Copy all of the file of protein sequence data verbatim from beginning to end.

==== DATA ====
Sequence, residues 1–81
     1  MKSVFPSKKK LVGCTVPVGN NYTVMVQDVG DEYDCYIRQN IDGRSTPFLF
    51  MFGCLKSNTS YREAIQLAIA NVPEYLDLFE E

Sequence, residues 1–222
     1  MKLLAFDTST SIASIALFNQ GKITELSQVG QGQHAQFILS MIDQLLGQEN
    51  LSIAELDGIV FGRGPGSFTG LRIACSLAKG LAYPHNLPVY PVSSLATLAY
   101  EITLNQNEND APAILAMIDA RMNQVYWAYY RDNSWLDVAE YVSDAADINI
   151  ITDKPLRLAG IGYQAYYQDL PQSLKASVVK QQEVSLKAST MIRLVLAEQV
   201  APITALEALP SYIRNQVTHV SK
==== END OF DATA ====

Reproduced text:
Sequence, residues 1–81
     1  MKSVFPSKKK LVGCTVPVGN NYTVMVQDVG DEYDCYIRQN IDGRSTPFLF
    51  MFGCLKSNTS YREAIQLAIA NVPEYLDLFE E

Sequence, residues 1–222
     1  MKLLAFDTST SIASIALFNQ GKITELSQVG QGQHAQFILS MIDQLLGQEN
    51  LSIAELDGIV FGRGPGSFTG LRIACSLAKG LAYPHNLPVY PVSSLATLAY
   101  EITLNQNEND APAILAMIDA RMNQVYWAYY RDNSWLDVAE YVSDAADINI
   151  ITDKPLRLAG IGYQAYYQDL PQSLKASVVK QQEVSLKAST MIRLVLAEQV
   201  APITALEALP SYIRNQVTHV SK